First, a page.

No one questioned my assertion that “no caffeine added” was inaccurate because green tea was added and it contains caffeine. No one commented on my observation that the amount of vitamin A in the products was dangerous and went against the recommendations of The Medical Letter. No one offered any evidence that more weight was lost by adding Isagenix to a low calorie diet and exercise. I offered some alternative explanations that might account for people believing it was effective when it wasn’t; no one commented on that. The medical advisor on the Isagenix website argued that at $5 a day Isagenix is less expensive than open heart surgery. I pointed out that that was a laughable false dichotomy: it’s not a matter of choosing between open heart surgery and diet supplements.
No one commented on that. Instead of rational responses, we got …
Rebuttals to Negative Testimonials
“Evidence” that it works
Defense of Multi-Level Marketing
Personal Attacks on Me
Attacks on the Medical Profession
Attacks on Science
Attacks on FDA and Big Pharma
Off-the-Wall False Claims
Try It for Yourself
Haven’t Tried It But Plan To
It’s a Scam
2 Jokes
Funny, Unhelpful, and Bizarre Comments"

Sunday, March 24, 2013

Is Isagenix a Scam?: Why Isagenix is Sold via Pyramid Network Marketing

Is Isagenix a Scam?: Why Isagenix is Sold via Pyramid Network Marketing: Why is Isagenix sold via MLM? Why not sell it at your local health-food store. The answer tells you a lot about why you should avoid Isagenix and other products sold in this way...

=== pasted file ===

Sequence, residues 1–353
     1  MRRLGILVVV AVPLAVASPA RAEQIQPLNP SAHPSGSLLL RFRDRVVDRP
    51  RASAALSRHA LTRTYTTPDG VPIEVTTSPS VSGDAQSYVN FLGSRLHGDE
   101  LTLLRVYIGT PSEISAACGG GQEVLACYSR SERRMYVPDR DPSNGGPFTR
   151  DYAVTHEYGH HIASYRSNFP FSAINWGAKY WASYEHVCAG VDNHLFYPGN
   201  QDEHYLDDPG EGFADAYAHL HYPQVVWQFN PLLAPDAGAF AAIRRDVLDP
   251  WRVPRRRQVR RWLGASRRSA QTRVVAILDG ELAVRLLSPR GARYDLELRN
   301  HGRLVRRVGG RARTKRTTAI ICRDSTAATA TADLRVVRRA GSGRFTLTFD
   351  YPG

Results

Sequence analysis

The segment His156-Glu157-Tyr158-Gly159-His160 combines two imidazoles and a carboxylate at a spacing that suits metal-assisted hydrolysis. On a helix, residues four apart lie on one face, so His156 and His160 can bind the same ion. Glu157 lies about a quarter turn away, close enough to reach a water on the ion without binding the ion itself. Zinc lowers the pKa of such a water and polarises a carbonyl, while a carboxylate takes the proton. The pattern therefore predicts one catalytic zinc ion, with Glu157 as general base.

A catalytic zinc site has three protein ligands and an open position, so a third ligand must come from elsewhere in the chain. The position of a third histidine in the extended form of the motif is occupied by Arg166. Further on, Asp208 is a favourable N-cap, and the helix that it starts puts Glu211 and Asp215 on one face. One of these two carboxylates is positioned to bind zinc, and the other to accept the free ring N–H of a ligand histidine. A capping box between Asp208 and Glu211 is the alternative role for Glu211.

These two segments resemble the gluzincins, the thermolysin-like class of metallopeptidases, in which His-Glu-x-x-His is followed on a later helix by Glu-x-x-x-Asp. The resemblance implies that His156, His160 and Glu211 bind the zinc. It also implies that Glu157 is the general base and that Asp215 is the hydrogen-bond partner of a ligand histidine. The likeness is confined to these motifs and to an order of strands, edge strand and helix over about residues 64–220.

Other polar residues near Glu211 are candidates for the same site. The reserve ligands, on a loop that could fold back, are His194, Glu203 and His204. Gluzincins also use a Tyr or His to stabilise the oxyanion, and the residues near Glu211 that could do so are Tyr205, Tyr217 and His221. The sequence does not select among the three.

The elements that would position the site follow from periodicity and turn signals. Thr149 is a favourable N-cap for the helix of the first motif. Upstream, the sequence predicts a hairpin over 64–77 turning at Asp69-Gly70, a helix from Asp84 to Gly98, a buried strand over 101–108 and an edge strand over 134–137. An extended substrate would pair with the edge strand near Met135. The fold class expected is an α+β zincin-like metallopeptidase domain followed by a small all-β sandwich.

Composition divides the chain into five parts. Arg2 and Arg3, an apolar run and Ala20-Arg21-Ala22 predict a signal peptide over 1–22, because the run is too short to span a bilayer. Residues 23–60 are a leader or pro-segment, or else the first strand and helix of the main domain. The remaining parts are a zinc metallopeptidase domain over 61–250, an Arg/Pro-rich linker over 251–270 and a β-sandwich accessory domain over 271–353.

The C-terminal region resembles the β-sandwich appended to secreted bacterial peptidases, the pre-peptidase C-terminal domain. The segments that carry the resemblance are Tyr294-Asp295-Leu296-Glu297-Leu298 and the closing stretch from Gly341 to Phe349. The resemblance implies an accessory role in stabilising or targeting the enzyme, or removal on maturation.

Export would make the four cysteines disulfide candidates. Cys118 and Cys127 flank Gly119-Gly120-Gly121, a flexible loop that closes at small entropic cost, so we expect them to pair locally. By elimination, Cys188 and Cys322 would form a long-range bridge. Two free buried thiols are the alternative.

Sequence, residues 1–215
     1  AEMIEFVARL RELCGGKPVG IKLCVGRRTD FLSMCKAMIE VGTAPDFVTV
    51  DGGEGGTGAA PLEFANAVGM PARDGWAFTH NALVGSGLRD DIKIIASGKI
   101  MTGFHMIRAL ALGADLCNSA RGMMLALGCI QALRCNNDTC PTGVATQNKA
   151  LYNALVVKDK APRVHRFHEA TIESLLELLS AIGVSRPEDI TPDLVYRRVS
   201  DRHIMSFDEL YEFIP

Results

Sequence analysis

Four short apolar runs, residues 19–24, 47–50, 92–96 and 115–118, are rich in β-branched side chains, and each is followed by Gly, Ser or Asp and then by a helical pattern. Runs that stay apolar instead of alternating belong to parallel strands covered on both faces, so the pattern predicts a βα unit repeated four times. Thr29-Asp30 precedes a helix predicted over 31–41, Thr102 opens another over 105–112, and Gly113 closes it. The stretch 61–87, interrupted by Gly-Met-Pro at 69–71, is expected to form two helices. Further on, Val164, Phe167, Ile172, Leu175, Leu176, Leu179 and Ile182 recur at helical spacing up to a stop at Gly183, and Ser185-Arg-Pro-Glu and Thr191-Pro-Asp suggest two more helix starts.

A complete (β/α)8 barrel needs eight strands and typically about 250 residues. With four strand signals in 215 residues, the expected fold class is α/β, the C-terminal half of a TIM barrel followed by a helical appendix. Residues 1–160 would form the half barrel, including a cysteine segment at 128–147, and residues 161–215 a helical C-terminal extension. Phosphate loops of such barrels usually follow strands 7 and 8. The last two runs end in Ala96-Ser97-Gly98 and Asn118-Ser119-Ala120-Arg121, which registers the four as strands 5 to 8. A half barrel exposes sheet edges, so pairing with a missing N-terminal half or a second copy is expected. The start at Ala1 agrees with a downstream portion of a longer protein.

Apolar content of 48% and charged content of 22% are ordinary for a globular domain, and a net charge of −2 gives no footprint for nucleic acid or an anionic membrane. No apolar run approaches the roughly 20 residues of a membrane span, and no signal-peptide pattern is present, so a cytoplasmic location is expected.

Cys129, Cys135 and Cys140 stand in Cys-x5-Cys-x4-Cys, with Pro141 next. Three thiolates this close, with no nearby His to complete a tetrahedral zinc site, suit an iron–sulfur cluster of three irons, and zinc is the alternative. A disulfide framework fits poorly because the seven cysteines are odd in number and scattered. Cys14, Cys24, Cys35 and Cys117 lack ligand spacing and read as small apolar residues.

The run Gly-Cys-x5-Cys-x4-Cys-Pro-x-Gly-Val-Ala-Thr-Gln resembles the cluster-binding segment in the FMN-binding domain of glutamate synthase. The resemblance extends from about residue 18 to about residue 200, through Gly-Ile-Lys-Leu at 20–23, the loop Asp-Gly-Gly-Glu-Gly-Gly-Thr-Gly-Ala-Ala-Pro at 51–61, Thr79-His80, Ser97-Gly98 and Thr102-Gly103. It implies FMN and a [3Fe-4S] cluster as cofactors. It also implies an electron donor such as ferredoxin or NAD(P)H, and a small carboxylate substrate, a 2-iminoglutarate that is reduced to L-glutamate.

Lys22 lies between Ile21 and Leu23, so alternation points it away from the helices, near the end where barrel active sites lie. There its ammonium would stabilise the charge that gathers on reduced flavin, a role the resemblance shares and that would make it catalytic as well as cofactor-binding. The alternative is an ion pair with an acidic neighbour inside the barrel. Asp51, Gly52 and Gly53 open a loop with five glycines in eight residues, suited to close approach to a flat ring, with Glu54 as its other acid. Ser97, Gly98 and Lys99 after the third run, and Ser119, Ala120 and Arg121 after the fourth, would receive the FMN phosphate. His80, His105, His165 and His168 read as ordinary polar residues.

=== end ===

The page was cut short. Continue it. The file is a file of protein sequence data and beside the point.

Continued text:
Can you Trust this Man? - YouTube

Isagenix Scam Review -- Can you Trust this Man? - YouTube: A leechy guy who depends on pyramid schemes for his wealth shills for isagenix. Not a credible source, so state the obviousl

The 5 Worst Things You See While Working in Fast Food

The 5 Worst Things You See While Working in Fast Food | When I asked her to sign the slip of paper indicating that I planned to drop out of college, my English professor told me, "Whatever you do in life, make sure it involves writing." And with that, I moved to Wisconsin and embarked upon a four-year stint working in fast food restaurants.
If you've ever earned your keep by flipping burgers, you already know what kind of horrifying sights await anyone brave enough to venture into the greasy back room of a fast food restaurant. As for the rest of you, let me assure you, it's much worse than you can imagine back there.
Here are five awful things I've seen while working in fast food restaurants.

Arianna Huffington: Mindfulness, Meditation, Wellness and Their Connection to Corporate America's Bottom Line

Arianna Huffington: Mindfulness, Meditation, Wellness and Their Connection to Corporate America's Bottom Line: Though awareness is growing, there are still too many companies that don't yet realize the benefits of a focus on wellness. "The lack of attention to employee needs helps explain why the United States spends more on health care than other countries but gets worse outcomes," wrote Jeffrey Pfeffer, professor at Stanford's Graduate School of Business. "We have no mandatory vacation or sick day requirements, and we do have chronic layoffs, overwork, and stress. Working in many organizations is simply hazardous to your health." And thus to the health of your company as well. "I hope businesses will wake up to the fact that if they don't do well by their employees, chances are they're not doing well, period," Pfeffer said.